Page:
Protect Yourself With Travel Insurance

But Choose Carefully

Every year, we have guests who have to cancel their trips. Usually, the reasons are sad and unexpected — a sick parent, a hurricane, a broken arm. It’s always regrettable, but with the right insurance, you can avoid losing a lot of money, as well as losing your vacation.

The Pitfalls of Most Travel Insurance

As I found out with trip cancellation insurance purchased for my father, most plans cover very few circumstances. In his case, his incoming flight from Rome was cancelled due to weather, which meant he missed his connecting domestic flight. When I tried to use the insurance purchased on Expedia, it turned out that it did not cover weather events.

Similarly, if the weather is bad, but the roads are open, you will not be covered. If they air is unhealthy due to smoke, but the area is not evacuated, you will not be covered. If you get sick, but do not get a doctor to certify your illness, you will not be covered. If you are a caregiver and need to cancel you trip to take care of someone who is not on the trip with you, you will usually not be covered. If you get divorced, you might be covered, but if you break up with the person you’re living with who is not your legal spouse, you’re not. If a parent dies, you’re covered, but if a pet or dear friend dies, you’re not.

As I have found out in looking at trip cancellation insurance, the typical policy covers almost none of the reasons that have ever caused me to cancel a trip and probably only about a quarter of the trips our guests have cancelled.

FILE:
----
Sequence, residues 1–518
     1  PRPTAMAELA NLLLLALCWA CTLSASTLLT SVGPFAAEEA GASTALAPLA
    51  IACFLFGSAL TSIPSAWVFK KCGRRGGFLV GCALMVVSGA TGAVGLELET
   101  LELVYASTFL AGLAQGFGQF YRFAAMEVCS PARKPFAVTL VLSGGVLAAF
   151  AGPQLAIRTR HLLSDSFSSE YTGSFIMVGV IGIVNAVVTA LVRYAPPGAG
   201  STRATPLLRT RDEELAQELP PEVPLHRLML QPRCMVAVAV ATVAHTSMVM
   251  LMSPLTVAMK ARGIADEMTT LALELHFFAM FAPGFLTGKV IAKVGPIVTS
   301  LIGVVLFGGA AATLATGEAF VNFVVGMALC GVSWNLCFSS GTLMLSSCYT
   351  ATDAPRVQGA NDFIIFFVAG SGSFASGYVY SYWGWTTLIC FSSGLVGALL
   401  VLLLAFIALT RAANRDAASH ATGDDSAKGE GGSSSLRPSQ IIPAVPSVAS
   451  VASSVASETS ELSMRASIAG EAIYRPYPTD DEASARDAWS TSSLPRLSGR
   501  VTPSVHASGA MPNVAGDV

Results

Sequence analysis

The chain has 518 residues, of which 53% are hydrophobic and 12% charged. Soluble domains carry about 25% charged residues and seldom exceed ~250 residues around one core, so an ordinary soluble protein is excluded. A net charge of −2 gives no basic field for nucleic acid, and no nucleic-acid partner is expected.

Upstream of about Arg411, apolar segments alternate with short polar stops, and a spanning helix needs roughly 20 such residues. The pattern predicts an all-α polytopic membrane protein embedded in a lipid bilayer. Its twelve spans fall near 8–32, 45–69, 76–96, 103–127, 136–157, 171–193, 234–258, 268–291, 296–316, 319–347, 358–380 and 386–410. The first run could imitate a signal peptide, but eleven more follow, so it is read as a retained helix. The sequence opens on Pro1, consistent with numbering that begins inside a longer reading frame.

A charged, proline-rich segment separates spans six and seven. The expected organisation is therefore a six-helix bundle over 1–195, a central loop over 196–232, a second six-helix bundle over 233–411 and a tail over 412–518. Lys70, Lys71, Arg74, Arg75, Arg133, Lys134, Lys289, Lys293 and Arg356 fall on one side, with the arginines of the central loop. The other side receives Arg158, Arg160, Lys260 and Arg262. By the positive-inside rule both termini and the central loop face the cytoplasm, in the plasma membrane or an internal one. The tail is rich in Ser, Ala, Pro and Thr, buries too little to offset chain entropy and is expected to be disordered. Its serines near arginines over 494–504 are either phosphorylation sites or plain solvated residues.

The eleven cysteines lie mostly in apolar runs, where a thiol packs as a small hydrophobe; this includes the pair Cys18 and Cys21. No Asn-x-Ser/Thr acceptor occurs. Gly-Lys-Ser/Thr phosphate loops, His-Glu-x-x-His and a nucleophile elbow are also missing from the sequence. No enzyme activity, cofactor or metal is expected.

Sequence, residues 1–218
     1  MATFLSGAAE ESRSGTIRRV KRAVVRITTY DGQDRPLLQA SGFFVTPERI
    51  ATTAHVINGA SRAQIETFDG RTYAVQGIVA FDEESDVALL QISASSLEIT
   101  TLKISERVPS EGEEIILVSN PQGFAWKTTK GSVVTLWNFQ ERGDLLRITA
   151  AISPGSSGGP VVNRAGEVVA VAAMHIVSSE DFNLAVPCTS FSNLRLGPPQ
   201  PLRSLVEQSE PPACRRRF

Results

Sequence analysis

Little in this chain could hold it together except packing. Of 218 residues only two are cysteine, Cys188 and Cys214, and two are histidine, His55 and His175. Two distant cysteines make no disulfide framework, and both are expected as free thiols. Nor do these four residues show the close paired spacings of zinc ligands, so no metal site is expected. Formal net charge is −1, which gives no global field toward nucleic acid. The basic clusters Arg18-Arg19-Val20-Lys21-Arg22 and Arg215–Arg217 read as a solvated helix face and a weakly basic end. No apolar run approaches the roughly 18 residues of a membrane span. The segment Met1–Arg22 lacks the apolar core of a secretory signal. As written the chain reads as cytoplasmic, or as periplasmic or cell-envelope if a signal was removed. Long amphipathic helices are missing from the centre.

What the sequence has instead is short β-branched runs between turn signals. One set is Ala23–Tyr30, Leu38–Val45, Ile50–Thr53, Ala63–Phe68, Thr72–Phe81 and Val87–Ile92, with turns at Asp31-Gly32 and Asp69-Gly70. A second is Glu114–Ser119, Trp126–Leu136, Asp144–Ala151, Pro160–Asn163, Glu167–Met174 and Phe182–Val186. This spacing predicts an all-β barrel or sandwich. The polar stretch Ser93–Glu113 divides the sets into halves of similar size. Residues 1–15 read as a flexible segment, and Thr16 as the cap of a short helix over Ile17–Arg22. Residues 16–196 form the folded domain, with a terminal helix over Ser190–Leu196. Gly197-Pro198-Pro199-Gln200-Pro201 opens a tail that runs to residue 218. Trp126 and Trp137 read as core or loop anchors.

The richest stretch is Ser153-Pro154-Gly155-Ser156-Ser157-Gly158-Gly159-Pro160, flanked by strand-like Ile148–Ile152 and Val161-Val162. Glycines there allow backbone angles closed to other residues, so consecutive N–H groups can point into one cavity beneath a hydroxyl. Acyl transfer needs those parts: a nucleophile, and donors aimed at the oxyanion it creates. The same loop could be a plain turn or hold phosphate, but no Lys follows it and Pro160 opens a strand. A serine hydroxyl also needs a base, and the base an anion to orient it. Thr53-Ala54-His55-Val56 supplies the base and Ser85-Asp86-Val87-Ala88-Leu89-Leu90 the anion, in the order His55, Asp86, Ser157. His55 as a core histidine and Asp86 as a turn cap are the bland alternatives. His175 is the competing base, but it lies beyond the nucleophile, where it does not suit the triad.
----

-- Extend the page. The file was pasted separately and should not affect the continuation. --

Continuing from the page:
Getting the Right Trip Cancellation Insurance

There are, however, policies that are worth the price. What you are looking for is “Cancel for any reason” policies. These policies will cost extra, but they cover you for almost any reason. However, typically you must:

  • Purchase the policy relatively soon after purchasing your trip, typically within about two weeks.
  • Ensure your entire trip — air travel, accommodations, etc
  • Purchase it before a reasonable person would be able to guess that there will be a need to cancel (i.e. before there is an official hurricane forecast, for example).
  • Cancel your trip a specified amount of time before departure, typically 2-3 days.

But if you meet those criteria, you have a lot of leeway. You had planned on skiing, but it’s a drought and there’s no snow? Covered. Have asthma and it looks like there will be smoke from a wildfire? Covered. Have too much work and just can’t get away in the end? Covered.

Now, in this case, “covered” means something on the order of a 75% or a 50% refund, depending on the level of coverage you select.

Purchasing Cancel for Any Reason Travel Insurance

We do not have a recommended provider, but we have found a few sources of Cancel for Any Reason Trip Insurance online. For better or worse, we have no relationship with these websites and provide them for information only. We have no financial relationship with these sites and have not used them. They are simply the best resources we could find by researching the subject.

  •  Squaremouth is a comparison shopping site, not an insurer, like Kayak for airfare and Bankrate for loans. They have a lot of Cancel for Any Reason policies to choose from.